China, Japan headed down opposite policy paths


Asia's major central banks, the People's Bank of China (PBoC) and Bank of Japan (BOJ), look to be headed in opposite policy directions judging by their recent moves, say strategists.

The PBoC unexpectedly drained 48 billion yuan ($7.9 billion) from money markets on Tuesday following a boom in lending at the start of the year.

"The PBoC's decision to drain liquidity using repos is a reminder that the tightening bias remains in place and the desire to curb credit growth remains intact. As such, this should be seen as a commitment to allow the on-going slow and steady slowdown of the Chinese economy to continue," Kit Juckes, head of foreign exchange research at Soicete Generale wrote in a note titled 'BOJ mini-ease, PBoC mini-squeeze.'

(Read more: China central bank drains funds after strong credit data)

The central bank withdrew the liquidity by issuing cash-draining forward bond repurchase agreements. It was the first time in eight months that forward repos were used to drain liquidity from the money market.

DAJ | Getty Images

China's extraction of liquidity came as the BOJ decided to double the scale of two of its existing lending facilities – the Stimulating Bank Lending Facility and the Growth-Supporting Funding Facility – and extend the application periods for these facilities by one year as they were due to expire in March.

(Read more: BOJ standspat on policy, extends special loans)

The move was aimed at enhancing the transmission mechanism of quantitative easing by encouraging banks to boost lending instead of sitting on cash.

"It was just a minor tweak aimed at boosting credit demand and supply, but enough to send a message to the market that they are willing to ease further," Juckes said.

Shane Oliver, head of investment strategy and chief economist, AMP Capital Investors said the divergence in monetary policy is a reflection of the significant difference in the state of the two economies.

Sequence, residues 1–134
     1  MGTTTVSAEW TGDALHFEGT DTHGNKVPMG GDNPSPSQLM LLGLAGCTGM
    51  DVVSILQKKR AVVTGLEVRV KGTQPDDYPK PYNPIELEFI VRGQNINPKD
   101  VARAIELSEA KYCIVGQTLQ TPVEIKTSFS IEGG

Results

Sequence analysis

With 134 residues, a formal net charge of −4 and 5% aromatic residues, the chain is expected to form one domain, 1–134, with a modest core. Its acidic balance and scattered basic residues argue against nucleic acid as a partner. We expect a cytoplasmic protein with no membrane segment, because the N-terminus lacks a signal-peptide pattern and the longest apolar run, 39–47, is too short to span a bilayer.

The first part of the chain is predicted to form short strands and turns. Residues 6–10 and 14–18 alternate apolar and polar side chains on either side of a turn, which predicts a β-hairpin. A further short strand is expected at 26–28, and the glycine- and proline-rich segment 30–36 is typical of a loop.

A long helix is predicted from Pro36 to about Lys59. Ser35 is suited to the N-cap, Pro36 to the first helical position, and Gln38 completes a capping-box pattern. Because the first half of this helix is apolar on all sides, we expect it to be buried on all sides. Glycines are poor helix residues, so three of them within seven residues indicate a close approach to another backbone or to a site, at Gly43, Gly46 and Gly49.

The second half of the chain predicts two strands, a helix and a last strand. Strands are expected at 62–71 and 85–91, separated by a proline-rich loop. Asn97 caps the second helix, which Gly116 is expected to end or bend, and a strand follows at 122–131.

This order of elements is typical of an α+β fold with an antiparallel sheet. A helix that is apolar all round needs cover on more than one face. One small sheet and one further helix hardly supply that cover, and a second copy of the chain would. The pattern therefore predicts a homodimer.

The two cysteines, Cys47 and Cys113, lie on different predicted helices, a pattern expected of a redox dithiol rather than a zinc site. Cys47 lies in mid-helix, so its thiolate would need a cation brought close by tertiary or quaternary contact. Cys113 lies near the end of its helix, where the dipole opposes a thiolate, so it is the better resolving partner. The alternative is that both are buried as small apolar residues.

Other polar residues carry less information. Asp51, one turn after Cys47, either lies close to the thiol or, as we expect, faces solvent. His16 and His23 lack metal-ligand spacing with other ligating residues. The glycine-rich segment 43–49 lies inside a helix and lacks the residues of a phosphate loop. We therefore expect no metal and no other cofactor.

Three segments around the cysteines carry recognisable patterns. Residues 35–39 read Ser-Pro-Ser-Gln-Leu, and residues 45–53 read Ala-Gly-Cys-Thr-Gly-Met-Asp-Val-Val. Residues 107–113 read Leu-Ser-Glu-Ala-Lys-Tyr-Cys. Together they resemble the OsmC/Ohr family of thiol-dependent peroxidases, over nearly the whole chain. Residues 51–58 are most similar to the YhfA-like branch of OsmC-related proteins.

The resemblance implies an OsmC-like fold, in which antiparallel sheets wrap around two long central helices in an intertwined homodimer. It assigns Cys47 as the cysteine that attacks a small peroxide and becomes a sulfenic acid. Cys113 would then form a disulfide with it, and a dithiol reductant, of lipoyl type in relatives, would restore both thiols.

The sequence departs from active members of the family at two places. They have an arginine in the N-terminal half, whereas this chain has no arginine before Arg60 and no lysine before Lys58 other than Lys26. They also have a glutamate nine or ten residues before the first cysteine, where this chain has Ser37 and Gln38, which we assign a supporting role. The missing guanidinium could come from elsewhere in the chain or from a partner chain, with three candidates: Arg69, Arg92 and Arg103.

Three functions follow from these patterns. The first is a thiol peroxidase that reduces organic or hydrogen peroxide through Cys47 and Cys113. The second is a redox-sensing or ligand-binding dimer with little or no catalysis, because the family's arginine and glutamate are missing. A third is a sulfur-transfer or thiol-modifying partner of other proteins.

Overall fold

"China has experienced excessive credit growth for many years, and a lot of that has happened in the shadow banking sector which entails more risk," Oliver told CNBC.

For example, total social financing, a broad measure of liquidity and credit in the economy, was 2.58 trillion yuan last month – double December's level on the surge in bank loans.

(Read more: China January lending soars to 4-year high)

"The Bank of Japan faces the opposite problem, where loan growth in the private sector has been subdued. Japan is trying to encourage banks to lend more – as seen through its efforts yesterday. Whether, it will work or not remains to be seen," he said.

When will the BOJ start easing?

However, some market watchers say the central bank's recent moves should not be read into too much.

According to Marcel Thieliant, Japan economist at Capital Economics, the BOJ's decision to extend some loan facilities and double their size was largely symbolic.

"This was largely a symbolic move, as borrowing costs are already very low and there is no shortage of cheap, long-term finance," he wrote in note.

Meanwhile, David Forrester, G10 foreign exchange and fixed income strategist at Macquarie, said the PBoC's latest move is merely mopping up excess liquidity put in during the Chinese New Year period rather than tightening.

"The seven-day repo is still trading around 5 percent – which is about neutral – if the PBoC allowed it to head higher it would be consider a tightening," Forrester said.

The seven-day repo rate, which is seen as gauge of confidence to lend in the interbank market, fell as low as 3.7 percent on Wednesday after closing at 5 percent in the previous day.

—By CNBC's Ansuya Harjani. Follow her on Twitter: @Ansuya_H